The average salary at the time of the survey was as follows. We can then find the average female salary. The average male salary is somewhat higher. We can use the scalar command to find the difference in salary between males and females. Is this difference significant given the variance in salary? It is somewhat more elegant to use regression analysis with dummy variables to achieve the same goal. The t-ratio on female tests the null hypothesis that this salary difference is equal to zero.

This is exactly the same results we got using the standard t-test of the difference between two means. So, there appears to be significant salary discrimination against women at this university. This is the dummy variable trap. The result is we get the same regression we got with male as the only independent variable. It is possible to force Stata to drop the intercept term instead of one of the other variables,. This formulation is less useful because it is more difficult to test the null hypothesis that the two salaries are different.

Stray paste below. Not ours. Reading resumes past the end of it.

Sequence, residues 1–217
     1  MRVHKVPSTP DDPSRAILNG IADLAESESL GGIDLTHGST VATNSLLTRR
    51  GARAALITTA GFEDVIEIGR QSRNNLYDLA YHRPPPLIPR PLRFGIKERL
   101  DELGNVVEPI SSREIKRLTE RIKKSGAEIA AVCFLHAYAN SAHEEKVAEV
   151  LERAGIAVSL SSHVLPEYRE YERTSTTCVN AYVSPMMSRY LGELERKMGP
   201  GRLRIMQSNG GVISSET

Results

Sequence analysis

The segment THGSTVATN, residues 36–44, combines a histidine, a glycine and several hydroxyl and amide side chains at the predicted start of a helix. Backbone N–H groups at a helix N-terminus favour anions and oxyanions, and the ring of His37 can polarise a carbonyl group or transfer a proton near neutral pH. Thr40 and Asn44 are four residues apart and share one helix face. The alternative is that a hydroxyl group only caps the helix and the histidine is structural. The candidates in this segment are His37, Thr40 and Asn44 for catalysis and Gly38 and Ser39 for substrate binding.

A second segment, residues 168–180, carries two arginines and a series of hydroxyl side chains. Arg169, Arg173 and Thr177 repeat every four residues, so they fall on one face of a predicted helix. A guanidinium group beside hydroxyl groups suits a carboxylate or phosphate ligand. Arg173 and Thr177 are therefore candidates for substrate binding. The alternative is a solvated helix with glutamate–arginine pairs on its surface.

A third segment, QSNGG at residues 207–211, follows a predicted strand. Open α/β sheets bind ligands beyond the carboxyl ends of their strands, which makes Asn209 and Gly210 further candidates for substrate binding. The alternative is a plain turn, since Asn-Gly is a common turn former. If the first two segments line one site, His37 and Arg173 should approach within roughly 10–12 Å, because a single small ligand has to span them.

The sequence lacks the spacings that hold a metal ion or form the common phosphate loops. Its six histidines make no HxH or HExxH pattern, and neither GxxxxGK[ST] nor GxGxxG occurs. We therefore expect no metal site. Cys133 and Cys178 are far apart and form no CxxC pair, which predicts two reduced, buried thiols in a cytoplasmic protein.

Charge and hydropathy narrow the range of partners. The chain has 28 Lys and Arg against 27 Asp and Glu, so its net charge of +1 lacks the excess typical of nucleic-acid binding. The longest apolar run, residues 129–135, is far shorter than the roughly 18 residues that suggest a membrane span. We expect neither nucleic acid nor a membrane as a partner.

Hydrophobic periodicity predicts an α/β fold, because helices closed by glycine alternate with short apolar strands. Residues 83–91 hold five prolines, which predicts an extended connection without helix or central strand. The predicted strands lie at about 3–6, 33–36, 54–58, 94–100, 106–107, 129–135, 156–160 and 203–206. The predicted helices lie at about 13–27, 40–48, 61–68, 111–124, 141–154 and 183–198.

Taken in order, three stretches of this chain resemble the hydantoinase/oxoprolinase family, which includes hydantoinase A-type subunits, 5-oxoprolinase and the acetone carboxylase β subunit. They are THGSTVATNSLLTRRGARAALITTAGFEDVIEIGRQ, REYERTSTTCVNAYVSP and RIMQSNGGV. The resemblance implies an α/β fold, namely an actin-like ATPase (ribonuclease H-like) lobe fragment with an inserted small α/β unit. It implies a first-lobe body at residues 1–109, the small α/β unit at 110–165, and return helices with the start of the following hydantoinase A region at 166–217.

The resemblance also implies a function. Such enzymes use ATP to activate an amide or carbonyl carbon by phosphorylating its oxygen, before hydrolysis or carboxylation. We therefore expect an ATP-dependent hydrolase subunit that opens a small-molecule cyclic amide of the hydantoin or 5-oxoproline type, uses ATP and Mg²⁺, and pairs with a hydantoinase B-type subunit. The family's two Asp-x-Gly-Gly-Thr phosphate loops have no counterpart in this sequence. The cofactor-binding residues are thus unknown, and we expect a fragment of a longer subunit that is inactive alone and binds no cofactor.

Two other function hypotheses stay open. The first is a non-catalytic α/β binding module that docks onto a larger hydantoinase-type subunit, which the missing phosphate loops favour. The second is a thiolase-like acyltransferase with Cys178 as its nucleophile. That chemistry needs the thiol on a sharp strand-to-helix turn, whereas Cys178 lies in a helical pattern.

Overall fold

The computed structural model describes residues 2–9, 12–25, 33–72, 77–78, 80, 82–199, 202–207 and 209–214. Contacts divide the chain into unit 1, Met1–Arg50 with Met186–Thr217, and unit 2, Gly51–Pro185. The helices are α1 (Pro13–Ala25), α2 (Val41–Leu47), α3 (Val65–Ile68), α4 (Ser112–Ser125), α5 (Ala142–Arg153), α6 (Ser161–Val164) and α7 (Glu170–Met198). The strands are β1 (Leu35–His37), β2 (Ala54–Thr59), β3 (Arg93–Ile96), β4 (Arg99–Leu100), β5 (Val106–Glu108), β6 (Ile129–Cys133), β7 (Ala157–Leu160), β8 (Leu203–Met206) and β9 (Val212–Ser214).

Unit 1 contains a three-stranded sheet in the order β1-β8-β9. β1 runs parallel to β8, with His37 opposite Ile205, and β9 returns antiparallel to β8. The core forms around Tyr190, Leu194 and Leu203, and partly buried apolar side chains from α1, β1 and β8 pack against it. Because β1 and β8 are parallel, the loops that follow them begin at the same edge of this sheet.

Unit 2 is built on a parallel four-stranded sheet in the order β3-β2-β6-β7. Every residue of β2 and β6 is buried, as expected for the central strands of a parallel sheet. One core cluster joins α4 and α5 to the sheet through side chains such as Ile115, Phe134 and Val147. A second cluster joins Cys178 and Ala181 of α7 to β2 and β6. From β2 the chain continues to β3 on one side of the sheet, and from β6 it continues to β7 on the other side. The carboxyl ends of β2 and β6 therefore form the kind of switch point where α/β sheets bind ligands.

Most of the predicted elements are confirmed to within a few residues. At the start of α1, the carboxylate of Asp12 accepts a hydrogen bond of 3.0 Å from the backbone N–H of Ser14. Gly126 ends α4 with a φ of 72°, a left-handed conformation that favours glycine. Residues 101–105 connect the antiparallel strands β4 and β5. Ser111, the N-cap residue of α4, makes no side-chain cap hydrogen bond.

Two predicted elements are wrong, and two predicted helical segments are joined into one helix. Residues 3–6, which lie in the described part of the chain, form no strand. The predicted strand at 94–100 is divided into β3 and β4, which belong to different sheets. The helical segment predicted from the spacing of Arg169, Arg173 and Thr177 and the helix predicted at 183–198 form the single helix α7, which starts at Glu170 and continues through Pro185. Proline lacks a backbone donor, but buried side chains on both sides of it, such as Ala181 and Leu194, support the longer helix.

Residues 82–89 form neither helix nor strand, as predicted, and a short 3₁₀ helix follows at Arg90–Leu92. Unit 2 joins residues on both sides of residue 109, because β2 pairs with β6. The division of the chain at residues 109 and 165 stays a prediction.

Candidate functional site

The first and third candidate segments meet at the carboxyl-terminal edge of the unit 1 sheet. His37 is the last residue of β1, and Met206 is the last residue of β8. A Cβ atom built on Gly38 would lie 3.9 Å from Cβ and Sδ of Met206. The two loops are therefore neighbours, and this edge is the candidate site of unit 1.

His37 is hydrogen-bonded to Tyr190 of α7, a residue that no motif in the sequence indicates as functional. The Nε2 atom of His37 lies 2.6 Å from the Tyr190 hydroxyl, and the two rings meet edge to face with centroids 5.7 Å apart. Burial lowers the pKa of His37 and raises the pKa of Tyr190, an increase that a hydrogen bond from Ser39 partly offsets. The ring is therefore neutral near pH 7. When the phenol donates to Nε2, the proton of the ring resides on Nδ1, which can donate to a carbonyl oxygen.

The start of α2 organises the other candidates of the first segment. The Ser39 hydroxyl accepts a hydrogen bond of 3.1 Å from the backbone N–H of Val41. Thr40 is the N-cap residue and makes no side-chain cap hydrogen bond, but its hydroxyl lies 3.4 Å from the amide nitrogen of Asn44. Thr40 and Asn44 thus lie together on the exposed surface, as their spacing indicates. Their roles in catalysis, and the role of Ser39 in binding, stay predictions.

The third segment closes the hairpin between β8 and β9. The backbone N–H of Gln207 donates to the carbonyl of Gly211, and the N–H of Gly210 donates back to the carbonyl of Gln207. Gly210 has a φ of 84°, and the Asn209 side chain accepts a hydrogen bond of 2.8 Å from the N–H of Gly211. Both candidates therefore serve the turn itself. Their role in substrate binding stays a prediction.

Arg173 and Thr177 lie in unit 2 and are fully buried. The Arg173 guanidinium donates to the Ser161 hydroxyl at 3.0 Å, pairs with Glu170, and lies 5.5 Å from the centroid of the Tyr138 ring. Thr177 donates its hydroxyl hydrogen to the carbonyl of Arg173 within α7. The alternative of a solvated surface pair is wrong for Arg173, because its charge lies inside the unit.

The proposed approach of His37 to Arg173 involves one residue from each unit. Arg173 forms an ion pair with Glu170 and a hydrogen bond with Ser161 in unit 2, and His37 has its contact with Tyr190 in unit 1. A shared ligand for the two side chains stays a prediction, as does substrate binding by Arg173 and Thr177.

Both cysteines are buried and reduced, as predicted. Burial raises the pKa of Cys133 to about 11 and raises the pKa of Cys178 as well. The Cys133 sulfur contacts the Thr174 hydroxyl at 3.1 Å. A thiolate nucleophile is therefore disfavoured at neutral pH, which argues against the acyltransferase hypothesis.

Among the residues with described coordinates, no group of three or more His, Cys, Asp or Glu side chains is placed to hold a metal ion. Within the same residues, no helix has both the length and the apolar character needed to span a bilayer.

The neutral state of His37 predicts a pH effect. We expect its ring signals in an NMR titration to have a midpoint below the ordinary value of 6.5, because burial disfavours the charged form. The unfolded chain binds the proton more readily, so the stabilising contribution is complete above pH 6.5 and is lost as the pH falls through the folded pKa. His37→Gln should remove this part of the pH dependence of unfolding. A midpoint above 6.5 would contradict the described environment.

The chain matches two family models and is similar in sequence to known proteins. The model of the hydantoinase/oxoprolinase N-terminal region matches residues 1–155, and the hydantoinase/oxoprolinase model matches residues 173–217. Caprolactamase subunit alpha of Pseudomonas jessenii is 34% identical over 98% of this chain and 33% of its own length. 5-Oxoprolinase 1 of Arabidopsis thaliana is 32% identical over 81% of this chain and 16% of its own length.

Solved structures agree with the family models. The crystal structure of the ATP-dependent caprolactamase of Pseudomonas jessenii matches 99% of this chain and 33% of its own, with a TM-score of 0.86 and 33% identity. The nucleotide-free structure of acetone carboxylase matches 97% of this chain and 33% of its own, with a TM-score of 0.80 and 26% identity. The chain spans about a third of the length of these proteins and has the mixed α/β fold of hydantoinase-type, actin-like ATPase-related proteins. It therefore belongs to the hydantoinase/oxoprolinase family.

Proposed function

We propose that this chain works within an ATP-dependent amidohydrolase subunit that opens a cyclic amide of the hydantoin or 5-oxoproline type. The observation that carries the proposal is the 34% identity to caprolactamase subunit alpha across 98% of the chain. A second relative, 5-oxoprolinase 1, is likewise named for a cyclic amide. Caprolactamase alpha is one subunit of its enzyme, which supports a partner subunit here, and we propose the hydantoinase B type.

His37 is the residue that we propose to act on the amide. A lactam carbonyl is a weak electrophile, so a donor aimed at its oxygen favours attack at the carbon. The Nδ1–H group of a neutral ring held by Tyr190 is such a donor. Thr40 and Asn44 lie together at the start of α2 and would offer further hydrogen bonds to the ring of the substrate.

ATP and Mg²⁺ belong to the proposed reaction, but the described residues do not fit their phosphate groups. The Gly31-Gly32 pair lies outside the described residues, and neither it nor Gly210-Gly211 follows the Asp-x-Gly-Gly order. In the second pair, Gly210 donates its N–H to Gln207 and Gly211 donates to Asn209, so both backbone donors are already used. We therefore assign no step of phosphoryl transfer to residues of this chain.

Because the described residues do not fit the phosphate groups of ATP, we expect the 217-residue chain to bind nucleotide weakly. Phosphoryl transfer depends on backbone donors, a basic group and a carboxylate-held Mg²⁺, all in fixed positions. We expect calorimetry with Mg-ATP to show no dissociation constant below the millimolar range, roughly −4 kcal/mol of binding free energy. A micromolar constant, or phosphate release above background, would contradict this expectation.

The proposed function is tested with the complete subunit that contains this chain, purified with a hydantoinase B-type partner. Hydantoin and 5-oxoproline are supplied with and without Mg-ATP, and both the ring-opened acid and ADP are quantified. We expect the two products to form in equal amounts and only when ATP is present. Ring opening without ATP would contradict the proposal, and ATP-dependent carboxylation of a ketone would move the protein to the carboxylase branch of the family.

Perhaps this salary difference is due to a difference in the amount of experience of the two groups. Maybe the men have more experience and that is what is causing the apparent salary discrimination. If so, the previous analysis suffers from omitted variable bias. But it is still significant and negative.

It is also possible that women receive lower raises than men do. We can test this hypothesis by creating an interaction variable by multiplying experience by female and including it as an additional regressor. There is a significant salary penalty associated with being female, but it is not caused by discrimination in raises. Useful tests F-test We have seen many applications of the t-test. However, the F-test is also extremely useful.